People have been eating garlic for centuries for its healing properties. History shows Ancient Egyptians fed it to their slaves to keep them strong and free of illness. Chinese doctors as early as the sixth century have even used garlic as a medication. Athletes chewed a clove before the ancient Olympic games.This vegetable has amazing known benefits for humans, as history shows, but have you wondered, “is garlic bad for dogs and can I give it to them?”.
When researching, you may see that garlic appears on some “toxic for dogs” list!
However, garlic is safe for dogs.
1. In one clove of raw garlic, it contains:
Helps maintain a happy bowel
Other great properties include: calcium, copper, potassium, phosphorus, iron, inulin, oligofructose, amino acids, zinc, and vitamin B1.
2. Garlic has an undeniably strong pungent. Although, its pungent energy helps warm the body which allows for better circulation.
3. It helps detoxify the body. There are good bacteria and bad bacteria in your dog’s digestive tract. Garlic supports the good bacteria by eliminating the bad bacteria.
4. Garlic also helps enhance the liver. When garlic enters the body, it helps break down the waste before it can enter into the bloodstream.
5. As discussed previously, garlic is high in inulin and oligofructose. These two chemicals together can cause an upset stomach in dogs that have leaky gut, inflammatory bowel disease, and irritable bowel syndrome. If you decide to feed your dog garlic, make sure that their digestive system is steady and healthy.
Besides the properties of garlic, there are also various ways that garlic helps nourish a happy pup!
Not all garlic forms are equal, the kind you choose to feed your dog is important. There are certain types of garlic that you should feed your dog.
Dogs should only be eating fresh, raw, and organically grown garlic. Try to pick one that’s produced in the United States and grown locally. The most ideal would be one that you grow in your garden.Garlic grown in China specifically has been tested positive for arsenic, heavy metals, and chlorine.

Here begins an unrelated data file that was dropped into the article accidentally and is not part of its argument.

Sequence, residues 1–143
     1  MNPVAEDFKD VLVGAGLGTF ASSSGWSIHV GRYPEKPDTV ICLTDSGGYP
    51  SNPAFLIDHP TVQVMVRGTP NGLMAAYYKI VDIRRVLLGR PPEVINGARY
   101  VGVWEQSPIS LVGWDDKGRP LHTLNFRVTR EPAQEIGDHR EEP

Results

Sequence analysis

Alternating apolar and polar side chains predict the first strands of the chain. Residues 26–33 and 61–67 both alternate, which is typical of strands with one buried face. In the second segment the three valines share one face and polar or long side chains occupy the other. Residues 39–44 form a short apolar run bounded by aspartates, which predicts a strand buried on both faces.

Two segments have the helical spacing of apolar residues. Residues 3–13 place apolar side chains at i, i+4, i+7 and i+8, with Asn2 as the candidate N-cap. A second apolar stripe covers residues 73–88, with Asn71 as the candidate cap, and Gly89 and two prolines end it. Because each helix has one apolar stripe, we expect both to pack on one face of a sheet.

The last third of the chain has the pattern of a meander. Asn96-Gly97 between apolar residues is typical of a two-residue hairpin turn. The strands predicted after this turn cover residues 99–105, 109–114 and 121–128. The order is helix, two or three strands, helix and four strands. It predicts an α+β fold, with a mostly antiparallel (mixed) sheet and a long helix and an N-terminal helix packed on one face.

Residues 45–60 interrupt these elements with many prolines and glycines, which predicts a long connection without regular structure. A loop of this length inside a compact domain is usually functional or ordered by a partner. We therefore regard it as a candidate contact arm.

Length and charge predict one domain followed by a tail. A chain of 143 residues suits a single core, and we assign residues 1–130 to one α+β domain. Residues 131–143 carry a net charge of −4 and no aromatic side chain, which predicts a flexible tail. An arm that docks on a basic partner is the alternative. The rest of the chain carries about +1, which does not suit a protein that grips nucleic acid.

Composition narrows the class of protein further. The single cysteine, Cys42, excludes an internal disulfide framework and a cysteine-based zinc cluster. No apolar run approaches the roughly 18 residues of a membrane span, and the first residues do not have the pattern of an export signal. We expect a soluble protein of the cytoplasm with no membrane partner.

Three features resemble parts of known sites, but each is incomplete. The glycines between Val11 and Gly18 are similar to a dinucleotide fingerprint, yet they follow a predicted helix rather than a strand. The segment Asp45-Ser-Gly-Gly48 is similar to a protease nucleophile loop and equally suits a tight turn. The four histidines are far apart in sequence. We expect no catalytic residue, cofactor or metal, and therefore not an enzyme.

For your dog to reap all the benefits that garlic has to offer, they should be fed raw garlic. Only the fresh cloves contain the enzyme alliinase which is an active ingredient that gives off the antibiotic, anti-cancer, antiviral, and antioxidant properties. Therefore, we recommend avoiding jarred garlic and extracts, since they won’t contain the essential enzyme.
Puppies eight weeks or less don’t produce new red blood cells, so the garlic can be deadly when fed. If your puppy is six months to a year old, we recommend feeding half the regular dose. Consult your vet before giving your puppy garlic.
Always be cautious about what supplements are added to a pregnant dog’s diet. Garlic may change the taste of your pup’s breast milk and can be passed to the puppies, so we recommend not feeding it to her if your dog is nursing.
Certain breeds such as Akitas or Shiba Inus are sensitive to hemolytic effects of oxidants that are found in garlic. Consult your holistic vet if you have any concerns or questions.
Garlic can affect blood clotting, and so certain medications don’t mix well with it. So, avoid if they take:
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Peel cloves of the garlic and mince as usual. After this, let it sit for a couple of minutes before feeding to your dog. Make sure to measure out the correct amount based on the size of your dog and mix it into their food.
Here is how much garlic we recommend you should feed:
If you’re just starting off feeding your dog garlic, consider starting with a small amount and then slowly work up to the recommended dosage. If your dog doesn’t like the taste of the garlic, consider combining it with a bone broth or withCali Raw dog food.
Before you get garlic for your dog, remember that the small vegetable has many helpful benefits but can be harmful if not dosed correctly. If you have any concerns about feeding your dog, be sure to discuss your questions with your holistic vet.